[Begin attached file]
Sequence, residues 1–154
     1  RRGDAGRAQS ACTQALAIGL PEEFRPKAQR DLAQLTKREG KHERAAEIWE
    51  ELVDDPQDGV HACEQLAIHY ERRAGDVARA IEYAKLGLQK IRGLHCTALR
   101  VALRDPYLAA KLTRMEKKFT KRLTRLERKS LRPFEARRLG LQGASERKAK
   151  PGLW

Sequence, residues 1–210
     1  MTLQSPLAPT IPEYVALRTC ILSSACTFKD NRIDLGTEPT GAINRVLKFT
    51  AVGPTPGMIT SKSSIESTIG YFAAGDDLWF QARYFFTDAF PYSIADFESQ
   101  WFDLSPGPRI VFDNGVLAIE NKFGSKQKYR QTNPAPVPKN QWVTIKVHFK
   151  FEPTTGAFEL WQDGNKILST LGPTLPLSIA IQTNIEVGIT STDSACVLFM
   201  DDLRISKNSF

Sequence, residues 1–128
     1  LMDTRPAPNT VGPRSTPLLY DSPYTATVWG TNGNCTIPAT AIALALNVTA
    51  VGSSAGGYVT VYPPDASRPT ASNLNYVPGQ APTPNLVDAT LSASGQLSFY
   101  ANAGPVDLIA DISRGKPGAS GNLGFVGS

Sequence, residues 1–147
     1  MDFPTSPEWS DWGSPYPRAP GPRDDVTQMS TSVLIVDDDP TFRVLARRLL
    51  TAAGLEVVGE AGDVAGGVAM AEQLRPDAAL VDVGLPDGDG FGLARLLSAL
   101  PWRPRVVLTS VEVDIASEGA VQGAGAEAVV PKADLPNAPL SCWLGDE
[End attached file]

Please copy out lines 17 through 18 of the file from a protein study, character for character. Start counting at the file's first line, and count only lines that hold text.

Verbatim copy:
     1  MDFPTSPEWS DWGSPYPRAP GPRDDVTQMS TSVLIVDDDP TFRVLARRLL
    51  TAAGLEVVGE AGDVAGGVAM AEQLRPDAAL VDVGLPDGDG FGLARLLSAL